Last updated on 31st Oct 2021 - By Dwayne Michaels

Top ways to improve liver enzymes

1. Coffee:


Coffee is a brewed drink prepared from roasted coffee beans, the seeds of berries from certain Coffea species. Drinking coffee can help in lowering liver enzymes. Increasing evidence has shown that coffee consumption is protective against the progression of liver disease to cirrhosis. This is associated with antioxidant and anti-fibrotic effects of coffee. Depending on the type of coffee and method of preparation, the caffeine content of a single serving can vary greatly. The caffeine content of a cup of coffee varies depending mainly on the brewing method, and also on the coffee variety. According to the USDA National Nutrient Database, a 240-millilitre (8 US fl oz) cup of "coffee brewed from grounds" contains 95 mg caffeine, whereas an espresso (25 ml) contains 53 mg.

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2. Dietary changes:


Studies have found that eating a healthy, well-balanced diet can help lower your ALT/AST level. More vegetables, more fiber, foods with lower energy density, less animal protein and more plant based protein and increased amounts of potassium and vitamin B6 help people lower their ALT SGPT and AST SGOT level. People with high liver enzymes should avoid Foods high in sugar, fat, or salt, fried foods, Raw or undercooked shellfish like clams or oysters and Foods containing partially hydrogenated vegetable oils. Most people can tolerate chemical food additives, but for those with high liver enzymes and liver damage, these chemicals will only worsen your current situation. Many sugars and fats also place stress on the liver, so cutting them out or limiting them can improve your liver function.

3. Exercise:


Physical exercise is important for maintaining physical fitness and can contribute to maintaining a healthy weight, regulating the digestive system, building and maintaining healthy bone density. Studies suggest that staying active for a minimum of 150 minutes per week can improve liver enzymes like ALT and AST in the average adult. A 2018 article from the Journal of Hepatology recommends a regular exercise program as part of treatment for chronic diseases, such as cirrhosis.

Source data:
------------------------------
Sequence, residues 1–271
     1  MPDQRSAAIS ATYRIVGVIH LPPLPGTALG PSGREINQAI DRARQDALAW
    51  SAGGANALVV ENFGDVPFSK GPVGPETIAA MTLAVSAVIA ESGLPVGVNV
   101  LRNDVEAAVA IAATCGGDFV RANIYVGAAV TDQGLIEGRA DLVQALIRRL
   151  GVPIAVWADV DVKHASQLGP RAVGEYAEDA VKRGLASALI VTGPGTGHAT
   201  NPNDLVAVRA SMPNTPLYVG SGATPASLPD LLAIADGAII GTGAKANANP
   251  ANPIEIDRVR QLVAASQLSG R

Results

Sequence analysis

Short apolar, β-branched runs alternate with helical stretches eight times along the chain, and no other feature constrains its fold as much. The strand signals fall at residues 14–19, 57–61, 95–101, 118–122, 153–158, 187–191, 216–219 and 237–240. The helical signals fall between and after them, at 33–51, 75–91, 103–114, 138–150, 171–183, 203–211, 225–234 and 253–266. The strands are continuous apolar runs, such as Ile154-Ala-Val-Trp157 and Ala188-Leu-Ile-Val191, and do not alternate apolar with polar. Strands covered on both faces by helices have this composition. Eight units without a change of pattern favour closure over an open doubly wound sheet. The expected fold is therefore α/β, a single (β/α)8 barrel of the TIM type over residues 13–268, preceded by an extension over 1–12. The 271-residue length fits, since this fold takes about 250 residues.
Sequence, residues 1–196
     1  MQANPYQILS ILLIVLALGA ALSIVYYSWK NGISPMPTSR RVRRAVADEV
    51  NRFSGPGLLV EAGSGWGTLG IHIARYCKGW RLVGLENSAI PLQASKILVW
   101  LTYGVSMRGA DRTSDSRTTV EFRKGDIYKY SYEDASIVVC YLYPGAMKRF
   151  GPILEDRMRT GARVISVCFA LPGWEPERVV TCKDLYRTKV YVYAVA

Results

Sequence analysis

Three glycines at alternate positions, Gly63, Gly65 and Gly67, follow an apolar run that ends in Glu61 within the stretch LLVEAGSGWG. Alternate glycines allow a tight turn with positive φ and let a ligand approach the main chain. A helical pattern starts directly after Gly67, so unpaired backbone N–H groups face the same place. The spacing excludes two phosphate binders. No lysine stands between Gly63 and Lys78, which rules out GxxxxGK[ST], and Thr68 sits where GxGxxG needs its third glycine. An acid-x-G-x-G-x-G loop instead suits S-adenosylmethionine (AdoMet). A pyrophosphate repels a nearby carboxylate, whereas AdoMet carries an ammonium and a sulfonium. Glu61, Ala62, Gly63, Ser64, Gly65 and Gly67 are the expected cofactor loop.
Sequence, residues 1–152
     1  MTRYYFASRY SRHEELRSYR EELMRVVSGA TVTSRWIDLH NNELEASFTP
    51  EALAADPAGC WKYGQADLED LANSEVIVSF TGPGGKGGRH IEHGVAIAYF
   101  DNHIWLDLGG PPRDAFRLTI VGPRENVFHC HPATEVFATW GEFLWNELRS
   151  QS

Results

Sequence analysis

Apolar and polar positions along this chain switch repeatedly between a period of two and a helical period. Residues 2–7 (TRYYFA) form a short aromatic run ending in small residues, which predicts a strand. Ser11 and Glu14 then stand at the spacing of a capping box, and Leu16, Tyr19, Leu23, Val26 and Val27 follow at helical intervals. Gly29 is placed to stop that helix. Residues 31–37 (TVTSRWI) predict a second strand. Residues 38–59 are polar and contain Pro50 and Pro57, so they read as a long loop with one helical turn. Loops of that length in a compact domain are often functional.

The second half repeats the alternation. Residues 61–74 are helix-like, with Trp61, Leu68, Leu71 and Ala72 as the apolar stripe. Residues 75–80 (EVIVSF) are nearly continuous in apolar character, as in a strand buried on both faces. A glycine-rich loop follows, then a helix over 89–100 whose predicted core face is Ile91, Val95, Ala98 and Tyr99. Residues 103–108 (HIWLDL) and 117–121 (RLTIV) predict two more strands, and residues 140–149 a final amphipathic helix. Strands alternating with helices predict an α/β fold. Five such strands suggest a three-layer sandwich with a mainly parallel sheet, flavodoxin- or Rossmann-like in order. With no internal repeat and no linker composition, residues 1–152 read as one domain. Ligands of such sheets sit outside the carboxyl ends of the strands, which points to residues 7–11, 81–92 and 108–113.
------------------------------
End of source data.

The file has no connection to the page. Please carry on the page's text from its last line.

4. Folic acid intake:


It is estimated that at least 10% of the United States population has low folate stores, and this estimate may increase to 50% in disadvantaged populations. Deficiency can result from increased requirements, from decreased intake, from poor utilization, and from a functional folate deficiency associated with a deficiency of vitamin B12. A folate deficiency may increase the risk of damage to the liver. Some good food sources of folic acid are green leafy vegetables, sprouts, dried beans, peanuts, bananas, broccoli and chicken liver. “Beetroot is also highly recommended to increase folic acid. Folate deficiency can be caused by unhealthy diets that do not include enough vegetables and other folate-rich foods; diseases in which folates are not well absorbed in the digestive system.

5. Losing weight:


Weight loss, in the context of medicine, refers to a reduction of the total body mass. Research has found that weight loss is an important factor in treating fatty liver disease and in preventing fibrosis of the liver. The least intrusive weight loss methods, and those most often recommended, are adjustments to eating patterns and increased physical activity, generally in the form of exercise. The World Health Organization recommends that people combine a reduction of processed foods high in saturated fats, sugar and salt and caloric content of the diet with an increase in physical activity. Self-monitoring of diet, exercise, and weight are beneficial strategies for weight loss, particularly early in weight loss programs. Research indicates that those who log their foods about three times per day and about 20 times per month are more likely to achieve clinically significant weight loss.

6. Avoiding alcohol:


Alcohol can increase damage to the liver, so people with high ALT and AST levels should avoid consuming alcohol. Consuming 2 to 3 alcoholic drinks daily can harm one's liver. Furthermore, binge drinking, or drinking 5 or 6 more drinks in a row, can also result in liver damage. Generally, symptoms of alcoholic liver disease include abdominal pain and tenderness, dry mouth and increased thirst, fatigue, jaundice, loss of appetite, and nausea. You can reduce the risk of liver damage by cutting down or giving up alcohol. All liver diseases improve from giving up alcohol.

7. Reducing high cholesterol:


A 2018 study found a link between higher levels of both LDL and HDL and elevated levels of liver enzymes in adults in the United States. LDL and HDL are two types of lipoproteins. They are a combination of fat (lipid) and protein. If you have a high LDL level, this means that you have too much LDL cholesterol in your blood. This extra LDL, along with other substances, forms plaque. The plaque builds up in your arteries; this is a condition called atherosclerosis. If LDL and HDL are elevated then liver enzymes may also get affected.

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